New decade-long data have suggested that multiple sclerosis treatment with dimethyl fumarate is associated with stable EDSS scores ≤3, and a low number of patients with confirmed disability progression.
Ralf Gold, MD, head, department of neurology, and dean of research, Ruhr University Bochum
Ralf Gold, MD
New 10-year study data set to be presented at the at the 35th Congress of the European Committee for Treatment and Research in Multiple Sclerosis (ECTRIMS), September 11-13, 2019, in Stockholm, Sweden, suggest that treatment of multiple sclerosis (MS) with dimethyl fumarate (Tecfidera; Biogen) is associated with a low incidence of disease relapse and stable patient-reported outcomes.1
“Biogen’s new data underscore TECFIDERA’s role as a meaningful long-term therapy option for relapsing MS, with many patients in the study experiencing no relapses or progression in their disability over a 10-year period,” Alfred Sandrock Jr., MD, PhD, executive vice president and chief medical officer, Biogen, said in a statement.2
The data, pooled from the phase 3 DEFINE/CONFIRM clinical trial its ongoing extension (ENDORSE; NCT00835770), ultimately showed that the proportion of patients with an Expanded Disability Status Scale (EDSS) scores ≤3.5 remained stable over time and the number of patients with confirmed disability progression over 10 years remained low.
Additionally, Ralf Gold, MD, head, department of neurology, and dean of research, Ruhr University Bochum, and coauthors detailed that “there was no increased incidence of serious infections over time,” and that all told, “these results support the safety and efficacy of dimethyl fumarate as a long-term treatment option for patients with relapsing MS.”
In total, 618 patients had at least 10 years of follow-up data, and 192 were treated continuously twice daily. Gold and colleagues re-randomized 1:1 to dimethyl fumarate in a dose of 240 mg either twice or thrice daily. Measures of MS disease activity were recorded via relapse and CDP, as well as serious adverse events (SAEs), and patient-reported outcomes via the 36-item short-form health survey (SF-36) and 5-dimension QoL (EQ-5D).
In total, 98 patients (51%) retained freedom from relapse, while 43 (22%) had a single relapse. Meanwhile, 51 patients (26%) experienced ≥2 relapses over the 10-year treatment period. The median time to the first relapse was 518 weeks.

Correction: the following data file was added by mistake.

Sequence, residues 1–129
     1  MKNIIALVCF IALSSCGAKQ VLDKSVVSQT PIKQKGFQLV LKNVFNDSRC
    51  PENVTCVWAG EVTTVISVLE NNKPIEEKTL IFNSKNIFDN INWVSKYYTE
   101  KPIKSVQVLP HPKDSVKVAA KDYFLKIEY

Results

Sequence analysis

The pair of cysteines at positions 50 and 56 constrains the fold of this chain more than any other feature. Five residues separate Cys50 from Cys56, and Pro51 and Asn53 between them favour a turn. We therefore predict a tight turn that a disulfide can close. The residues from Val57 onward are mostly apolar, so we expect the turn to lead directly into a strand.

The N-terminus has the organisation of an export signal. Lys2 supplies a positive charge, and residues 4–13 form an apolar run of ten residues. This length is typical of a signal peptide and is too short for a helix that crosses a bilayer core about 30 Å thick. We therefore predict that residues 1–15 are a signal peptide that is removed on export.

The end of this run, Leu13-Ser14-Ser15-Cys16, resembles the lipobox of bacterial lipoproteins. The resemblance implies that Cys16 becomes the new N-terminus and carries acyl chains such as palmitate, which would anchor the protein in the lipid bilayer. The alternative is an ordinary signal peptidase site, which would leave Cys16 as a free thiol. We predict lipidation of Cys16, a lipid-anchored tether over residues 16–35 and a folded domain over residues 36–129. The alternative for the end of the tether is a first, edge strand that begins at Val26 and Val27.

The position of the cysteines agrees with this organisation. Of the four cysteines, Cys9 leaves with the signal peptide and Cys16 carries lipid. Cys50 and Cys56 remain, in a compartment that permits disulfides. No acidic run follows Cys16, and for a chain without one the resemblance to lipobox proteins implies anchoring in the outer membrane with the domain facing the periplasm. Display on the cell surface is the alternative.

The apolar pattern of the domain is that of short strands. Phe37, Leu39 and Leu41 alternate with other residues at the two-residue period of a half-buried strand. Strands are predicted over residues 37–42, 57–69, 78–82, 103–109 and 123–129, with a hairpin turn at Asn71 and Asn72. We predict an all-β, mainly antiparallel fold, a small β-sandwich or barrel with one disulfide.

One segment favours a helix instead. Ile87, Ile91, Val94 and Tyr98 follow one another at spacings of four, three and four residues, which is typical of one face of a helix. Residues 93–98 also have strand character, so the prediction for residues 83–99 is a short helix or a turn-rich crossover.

The mean baseline EDSS score was 2.24 (standard deviation [SD], 1.18). By year 2, 164 of 184 patients (89%) had an EDSS ≤3.5. By years 8 and 10, respectively, 148 (80%) and 146 (79%) had an EDSS ≤3.5. Over the 10-year period, 122 patients (64%) had no confirmed disability progression. For the measures from the SF-36 and EQ-5D, from baseline to year 10, patients generally remained stable.
With regard to SAEs, 77 patients (40%) experienced ≥1, most of which (n = 34; 44%) were disease relapse or infection (n = 12; 16%). Over the 10-year period, there was no increased incidence of serious infection, ranging from 0% to 2%, with most years experiencing a 1% incidence (≤2 cases).
“We are proud of the strong legacy Tecfidera has achieved over the years and are excited to continue building our franchise of fumarate products with the potential addition of diroximel fumarate,” Sandrock, Jr. said. “As a next-generation fumarate, diroximel fumarate offers a differentiated gastrointestinal tolerability profile and, if approved, will be a strong choice for physicians and patients with relapsing MS to consider.”
In the original findings from the DEFINE/CONFIRM studies, the data showed significantly higher levels of no evidence of disease activity (NEDA) status compared to patients administered placebo. Ultimately, over 2 years, there was a 38.9% reduction in clinical NEDA (hazard ratio [HR], 0.61; 95% CI, 0.52—0.72; P <.0001) in the intent-to-treat group (n = 1540), while the MRI population (n = 692) showed a 40% relative reduction in neuroradiological NEDA (HR, 0.60; 95% CI, 0.49—0.73; P <.0001). Additionally, the percentage of patients achieving overall NEDA in the MRI cohort was also higher with dimethyl fumarate (26%) versus placebo (12%), with a relative risk reduction of 42.7% (HR, 0.57; 95% CI, 0.48—0.69; P <.0001).3
For more coverage of ECTRIMS 2019, click here.
1. Gold R, Giovanni G, Philips JT, et al. Overall safety and efficacy through 10 years of treatment with delayed-release dimethyl fumarate in patients with relapsing-remitting multiple sclerosis. Presented at: ECTRIMS; September 11—13, 2019; Stockholm, Sweden. Poster P1397.
2. New Data Presented at ECTRIMS Reinforce Long-term Benefits of TECFIDERA® (dimethyl fumarate) Over 10 Years [press release]. Cambridge, MA: Biogen; Published September 11, 2019. globenewswire.com/news-release/2019/09/11/1913968/0/en/New-Data-Presented-at-ECTRIMS-Reinforce-Long-term-Benefits-of-TECFIDERA-dimethyl-fumarate-Over-10-Years.html. Accessed September 11, 2019.
3. Havrdova E, Giovannoni G, Gold R, et al. Effect of delayed-release dimethyl fumarate on no evidence of disease activity in relapsing-remitting multiple sclerosis: integrated analysis of the phase III DEFINE and CONFIRM studies. Eur J Neurol. 2017;24(5):726-733. doi: 10.1111/ene.13272.